The basic conceit is a little far-fetched (then again, what action movie plot isn't?), and given some of the clunky dialogue by screenwriter Andrew W. Marlowe, sometimes it sounds ridiculous, too. But while watching the film, you buy it hook, line, and sinker, due in large part to the acting talent on board. Ford's commanding presence lends a sense of authenticity to every project he's in. It is one thing to be a convincing kick-ass action hero and quite another to be believable as "the leader of the free world"; not only does he pull off both without a hitch, but he also pulls off the task fairly seamlessly. When he is wacking a terrorist with a stool, we also believe that this the president, doing what it takes to protect his country; similarly, in more sedate presidential mode, we believe that, when push comes to shove, he is capable of acting in such a violent way. Another huge acting asset is Glenn Close, serving as the plane's (and the film's) dramatic anchor to reality as Vice President Kathryn Bennett, who is the focus of the action in the White House. Oldman is appropriately restrained as Korshunov, wisely resisting the urge to camp it up as a lot of action movie villains do these days. Anything too over-the-top and outre, like Oldman's turns in the Luc Besson films The Professional and The Fifth Element, would seem too out of place here.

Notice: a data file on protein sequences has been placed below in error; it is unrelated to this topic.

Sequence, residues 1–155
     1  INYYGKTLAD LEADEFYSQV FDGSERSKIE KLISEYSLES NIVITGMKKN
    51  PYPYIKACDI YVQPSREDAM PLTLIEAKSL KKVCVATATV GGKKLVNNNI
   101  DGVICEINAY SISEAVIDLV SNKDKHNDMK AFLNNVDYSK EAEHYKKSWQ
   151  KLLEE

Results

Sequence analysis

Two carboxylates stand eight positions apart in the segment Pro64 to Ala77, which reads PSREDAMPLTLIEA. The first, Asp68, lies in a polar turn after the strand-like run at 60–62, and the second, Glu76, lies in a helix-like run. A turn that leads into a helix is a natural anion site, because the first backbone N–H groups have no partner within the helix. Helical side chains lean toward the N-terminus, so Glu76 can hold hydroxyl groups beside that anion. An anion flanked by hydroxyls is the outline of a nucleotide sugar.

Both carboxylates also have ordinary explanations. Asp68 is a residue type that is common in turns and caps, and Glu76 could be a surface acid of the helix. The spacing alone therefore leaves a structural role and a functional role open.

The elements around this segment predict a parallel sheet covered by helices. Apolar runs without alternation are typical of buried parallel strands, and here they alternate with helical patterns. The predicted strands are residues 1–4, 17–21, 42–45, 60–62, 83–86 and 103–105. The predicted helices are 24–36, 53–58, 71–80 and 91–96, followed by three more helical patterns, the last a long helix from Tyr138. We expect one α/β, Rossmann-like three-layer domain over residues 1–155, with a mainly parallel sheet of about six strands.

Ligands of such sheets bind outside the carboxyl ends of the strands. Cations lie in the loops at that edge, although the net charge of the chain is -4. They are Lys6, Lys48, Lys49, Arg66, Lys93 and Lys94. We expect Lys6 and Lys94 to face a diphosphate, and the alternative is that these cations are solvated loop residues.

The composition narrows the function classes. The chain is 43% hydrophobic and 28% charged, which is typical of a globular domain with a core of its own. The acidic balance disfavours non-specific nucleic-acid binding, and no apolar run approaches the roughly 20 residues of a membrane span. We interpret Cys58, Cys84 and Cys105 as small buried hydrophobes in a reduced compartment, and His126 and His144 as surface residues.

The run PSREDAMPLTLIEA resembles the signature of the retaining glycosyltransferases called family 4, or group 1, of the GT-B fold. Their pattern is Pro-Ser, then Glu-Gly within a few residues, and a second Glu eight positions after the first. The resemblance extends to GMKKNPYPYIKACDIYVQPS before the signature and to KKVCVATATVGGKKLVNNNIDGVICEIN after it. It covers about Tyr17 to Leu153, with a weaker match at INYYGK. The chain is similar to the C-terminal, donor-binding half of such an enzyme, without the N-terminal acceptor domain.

But this is not to say that Air Force One is a gravely serious and self-important championing of the American presidency. Even though President Marshall is a combat veteran who can more than hold his own in a fight, he still is a desk jockey by trade. He's no know-it-all gadget whiz MacGyver; a lot of times he doesn't know what he's doing or how to do it. The little comic touches, from little one-liners to scenes such as one where he reads an instruction manual to a cellular telephone work not so much because they are funny but because they also ring true (after all, wouldn't the president have someone make his calls for him?).

Air Force One does not offer as much character nor plot to chew on as Petersen's last thriller involving the presidency, 1993's terrific Clint Eastwood starrer In the Line of Fire, but it still delivers the goods--a brisk pace, explosions, gunplay, fights, lots of airborne action, strong acting, and, last and certainly not least, the legendary Harrison Ford.

In Brief

George of the Jungle poster George of the Jungle (PG) no stars
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Hollywood's track record in bringing old television cartoons to real life in the big screen hasn't exactly been good, to the say the least: in 1980, Popeye came to theatres in Robert Altman's musical oddity; 1994 saw the heavily hyped but thunderously boring The Flintstones. The track record doesn't get any better with Sam Weisman's thoroughly unwatchable treatment of Jay Ward's 1960s animated series.